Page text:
One of the biggest advantages of sales prospecting is that it helps you build a rapport with other businesses and customers. When done well, this can help your firm a great reputation and encourage others to turn to you as a business.
A step-by-step guide to effective sales prospecting
Whilst you may have the team to do sales prospecting, making it effective is a different matter. To do this, you have to get into the customer’s mind and think about what they want. You then need to prove that your product fits with those wants.
1. Create a client profile
Before someone becomes a paying customer, there are a few points that need to be addressed. As has already been discussed, you need to ensure the client fits your customer profile.
You need to ask yourself about qualifying the lead and deciding how the client suits your product. For instance, can they afford it, will they use it, and will they keep on buying it in the future?
It helps to consider who is already doing business with you and the type of clients you already have.
As with any informative and detailed piece of work, the key to a good outcome is research. You must be getting the correct information about people to help make your firm more trustworthy and build those relationships.
This research can come from anywhere you can find info about the possible client. It could be that they have written a whitepaper that links to your company somehow. Or perhaps they have a detailed webpage. Whatever it is, take a look and dig deep to do the best research you can. All this will help give you an idea of who your prospective customer is and how you can get in their head.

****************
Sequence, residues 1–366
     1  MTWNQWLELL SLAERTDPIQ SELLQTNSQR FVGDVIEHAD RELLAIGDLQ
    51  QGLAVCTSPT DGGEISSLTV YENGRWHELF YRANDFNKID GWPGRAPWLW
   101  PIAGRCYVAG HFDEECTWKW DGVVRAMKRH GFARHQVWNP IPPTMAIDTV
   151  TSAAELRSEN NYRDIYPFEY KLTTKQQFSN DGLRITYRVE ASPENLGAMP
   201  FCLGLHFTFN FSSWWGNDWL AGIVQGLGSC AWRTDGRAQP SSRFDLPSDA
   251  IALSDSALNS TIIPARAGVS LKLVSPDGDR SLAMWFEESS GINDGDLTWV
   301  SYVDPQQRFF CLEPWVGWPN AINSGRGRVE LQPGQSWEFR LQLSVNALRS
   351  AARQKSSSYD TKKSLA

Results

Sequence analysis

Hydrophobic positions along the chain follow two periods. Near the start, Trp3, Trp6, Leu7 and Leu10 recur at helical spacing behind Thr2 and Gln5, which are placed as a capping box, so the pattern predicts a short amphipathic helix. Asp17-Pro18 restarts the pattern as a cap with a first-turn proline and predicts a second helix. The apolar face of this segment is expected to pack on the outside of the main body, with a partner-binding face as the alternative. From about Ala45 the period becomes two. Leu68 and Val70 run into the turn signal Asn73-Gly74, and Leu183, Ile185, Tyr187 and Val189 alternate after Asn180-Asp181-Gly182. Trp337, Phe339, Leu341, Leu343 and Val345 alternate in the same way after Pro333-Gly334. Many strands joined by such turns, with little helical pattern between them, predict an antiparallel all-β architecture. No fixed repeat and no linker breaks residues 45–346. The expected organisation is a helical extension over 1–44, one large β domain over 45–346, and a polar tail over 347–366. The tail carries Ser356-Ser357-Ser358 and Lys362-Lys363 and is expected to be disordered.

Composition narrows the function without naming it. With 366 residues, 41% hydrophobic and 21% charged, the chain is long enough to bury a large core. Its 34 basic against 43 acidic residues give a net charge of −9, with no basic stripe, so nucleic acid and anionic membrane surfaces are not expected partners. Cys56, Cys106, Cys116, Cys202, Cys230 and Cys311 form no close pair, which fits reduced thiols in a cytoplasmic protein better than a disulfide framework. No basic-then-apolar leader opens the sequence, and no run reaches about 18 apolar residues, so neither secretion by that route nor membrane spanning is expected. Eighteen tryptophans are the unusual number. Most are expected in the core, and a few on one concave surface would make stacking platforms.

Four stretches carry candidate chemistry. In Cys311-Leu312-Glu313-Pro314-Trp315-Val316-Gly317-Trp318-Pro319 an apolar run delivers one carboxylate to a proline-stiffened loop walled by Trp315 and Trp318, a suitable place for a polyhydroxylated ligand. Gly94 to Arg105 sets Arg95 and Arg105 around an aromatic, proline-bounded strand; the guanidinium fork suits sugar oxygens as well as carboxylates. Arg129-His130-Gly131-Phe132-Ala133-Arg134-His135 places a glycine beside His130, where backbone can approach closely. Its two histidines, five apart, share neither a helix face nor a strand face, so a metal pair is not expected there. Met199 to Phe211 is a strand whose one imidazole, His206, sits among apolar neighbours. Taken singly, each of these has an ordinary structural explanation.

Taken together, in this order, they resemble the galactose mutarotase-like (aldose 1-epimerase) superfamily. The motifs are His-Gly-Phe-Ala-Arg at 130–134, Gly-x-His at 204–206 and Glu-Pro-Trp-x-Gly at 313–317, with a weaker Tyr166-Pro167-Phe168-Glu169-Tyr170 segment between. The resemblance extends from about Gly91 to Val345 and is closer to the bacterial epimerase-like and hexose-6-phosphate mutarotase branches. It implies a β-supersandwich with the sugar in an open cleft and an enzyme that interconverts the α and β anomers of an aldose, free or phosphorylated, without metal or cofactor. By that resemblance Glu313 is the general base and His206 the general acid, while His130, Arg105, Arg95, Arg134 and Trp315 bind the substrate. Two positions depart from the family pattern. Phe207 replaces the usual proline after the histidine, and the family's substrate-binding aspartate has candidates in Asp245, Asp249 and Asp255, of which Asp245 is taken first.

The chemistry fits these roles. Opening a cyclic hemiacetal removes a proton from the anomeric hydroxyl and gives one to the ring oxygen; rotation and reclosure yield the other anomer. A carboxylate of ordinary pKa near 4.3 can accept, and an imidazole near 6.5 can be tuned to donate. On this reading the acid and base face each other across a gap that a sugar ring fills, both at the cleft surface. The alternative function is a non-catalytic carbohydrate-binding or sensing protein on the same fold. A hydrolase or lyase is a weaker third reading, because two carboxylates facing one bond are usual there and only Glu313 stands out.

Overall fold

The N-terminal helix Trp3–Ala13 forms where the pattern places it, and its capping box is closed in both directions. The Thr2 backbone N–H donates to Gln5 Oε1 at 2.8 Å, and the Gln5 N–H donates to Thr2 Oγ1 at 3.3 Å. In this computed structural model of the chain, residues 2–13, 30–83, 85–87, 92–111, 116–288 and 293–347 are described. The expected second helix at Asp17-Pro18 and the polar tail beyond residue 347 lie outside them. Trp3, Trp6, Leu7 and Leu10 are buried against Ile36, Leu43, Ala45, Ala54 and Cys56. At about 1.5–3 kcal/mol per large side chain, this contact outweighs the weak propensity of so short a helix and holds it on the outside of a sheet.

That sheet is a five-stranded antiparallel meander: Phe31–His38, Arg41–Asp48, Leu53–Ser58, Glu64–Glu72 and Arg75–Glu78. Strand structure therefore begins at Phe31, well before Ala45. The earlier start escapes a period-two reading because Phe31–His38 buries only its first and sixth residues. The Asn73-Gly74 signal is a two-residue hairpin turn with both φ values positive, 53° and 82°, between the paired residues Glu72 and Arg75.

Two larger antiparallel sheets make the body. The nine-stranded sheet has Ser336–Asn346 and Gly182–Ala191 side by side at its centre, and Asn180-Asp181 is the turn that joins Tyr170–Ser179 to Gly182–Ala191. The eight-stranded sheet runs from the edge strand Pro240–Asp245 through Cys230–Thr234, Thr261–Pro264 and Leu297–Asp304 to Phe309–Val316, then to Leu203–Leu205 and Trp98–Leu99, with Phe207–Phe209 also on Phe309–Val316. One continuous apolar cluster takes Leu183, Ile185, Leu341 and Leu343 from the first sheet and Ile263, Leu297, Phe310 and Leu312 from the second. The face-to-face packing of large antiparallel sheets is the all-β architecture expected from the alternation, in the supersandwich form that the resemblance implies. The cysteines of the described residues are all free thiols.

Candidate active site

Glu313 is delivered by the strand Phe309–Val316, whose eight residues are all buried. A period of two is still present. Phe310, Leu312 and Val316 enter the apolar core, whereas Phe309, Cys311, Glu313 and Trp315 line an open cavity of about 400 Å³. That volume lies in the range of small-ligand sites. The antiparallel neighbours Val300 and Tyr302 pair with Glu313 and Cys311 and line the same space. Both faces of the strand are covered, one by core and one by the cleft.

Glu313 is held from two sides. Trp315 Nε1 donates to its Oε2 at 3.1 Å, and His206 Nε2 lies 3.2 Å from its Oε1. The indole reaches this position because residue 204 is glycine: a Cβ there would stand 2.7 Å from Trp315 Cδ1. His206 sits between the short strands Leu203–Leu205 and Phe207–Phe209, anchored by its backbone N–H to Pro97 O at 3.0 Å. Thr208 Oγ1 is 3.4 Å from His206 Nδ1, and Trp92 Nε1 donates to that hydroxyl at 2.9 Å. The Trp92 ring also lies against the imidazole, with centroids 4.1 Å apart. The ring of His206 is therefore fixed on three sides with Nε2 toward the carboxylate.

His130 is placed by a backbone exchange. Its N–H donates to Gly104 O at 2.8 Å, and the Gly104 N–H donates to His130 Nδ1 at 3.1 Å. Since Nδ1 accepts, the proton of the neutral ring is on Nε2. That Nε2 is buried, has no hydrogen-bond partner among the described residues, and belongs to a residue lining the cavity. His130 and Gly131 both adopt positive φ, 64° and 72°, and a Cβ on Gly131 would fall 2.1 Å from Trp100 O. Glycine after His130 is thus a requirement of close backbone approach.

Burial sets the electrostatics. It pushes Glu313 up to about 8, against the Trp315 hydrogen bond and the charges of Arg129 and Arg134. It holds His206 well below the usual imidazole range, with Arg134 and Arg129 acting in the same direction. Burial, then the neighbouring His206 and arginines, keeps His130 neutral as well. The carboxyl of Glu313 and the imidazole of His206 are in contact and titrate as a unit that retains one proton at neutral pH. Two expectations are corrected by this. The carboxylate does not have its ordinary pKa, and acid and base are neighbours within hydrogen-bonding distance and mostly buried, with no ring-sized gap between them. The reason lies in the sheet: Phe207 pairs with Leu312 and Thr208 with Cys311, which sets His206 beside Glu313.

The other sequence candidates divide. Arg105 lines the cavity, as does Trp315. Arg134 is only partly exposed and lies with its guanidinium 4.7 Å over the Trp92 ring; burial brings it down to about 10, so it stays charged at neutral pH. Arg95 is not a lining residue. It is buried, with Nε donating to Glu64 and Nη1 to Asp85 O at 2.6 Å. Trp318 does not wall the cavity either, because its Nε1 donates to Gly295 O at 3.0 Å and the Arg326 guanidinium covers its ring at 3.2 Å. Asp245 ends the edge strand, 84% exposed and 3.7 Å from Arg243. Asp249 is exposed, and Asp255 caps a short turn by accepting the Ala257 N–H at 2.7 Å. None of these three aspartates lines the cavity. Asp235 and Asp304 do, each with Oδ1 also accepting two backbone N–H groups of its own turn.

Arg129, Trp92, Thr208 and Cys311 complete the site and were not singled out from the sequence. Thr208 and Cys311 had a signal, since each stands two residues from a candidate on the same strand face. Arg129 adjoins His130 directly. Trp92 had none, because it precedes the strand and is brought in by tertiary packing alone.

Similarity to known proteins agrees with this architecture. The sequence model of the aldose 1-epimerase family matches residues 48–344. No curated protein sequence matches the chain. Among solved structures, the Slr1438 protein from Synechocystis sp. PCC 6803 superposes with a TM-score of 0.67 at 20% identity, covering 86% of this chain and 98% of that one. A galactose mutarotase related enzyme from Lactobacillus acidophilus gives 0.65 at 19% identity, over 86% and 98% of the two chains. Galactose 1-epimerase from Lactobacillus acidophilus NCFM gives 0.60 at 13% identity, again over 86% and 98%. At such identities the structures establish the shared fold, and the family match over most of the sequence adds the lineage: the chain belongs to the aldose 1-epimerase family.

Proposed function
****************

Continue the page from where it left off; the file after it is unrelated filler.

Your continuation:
You can also look at the type of deals that this company or person has made in the past. It helps to figure out how your product can help their firm and if it’s sustainable with their business plan.
Consider what might be preventing them from buying and make it clear to them what your firm actually does.
3. Figure out who makes the decisions
The person who makes the ultimate decision will be the one you want to target. There’s no point in wasting time buttering up the receptionist as they won’t be the one who says yes to your deal. It may take a few attempts to get through to the decision-maker as they will probably be quite high up.
Luckily, today it’s easier to find people’s job roles on platforms like LinkedIn, so you know who to focus on and contact straight away. It also helps to look at details, such as their geographic location and specialities, because it will help narrow down the search.
Not every company will have a single decision-maker, so it could be beneficial to find more than one within a firm.
4. Define priorities
Remember that this stage of the sales funnel is all about getting the right leads to putting in front of your sales reps. So, with all this new information you have, you can prioritise your leads from here.
Analyse how people will match with your brand to narrow down your search for prospects. You can even put them in order of fit and who you think is most likely to lead onto an actual sale later down the funnel.
5. Be prepared
It isn’t enough to do some research before connecting with people. It would be best if you were prepared for their specific needs and wants, too. This means that any sales rep needs to know the product like the back of their hand.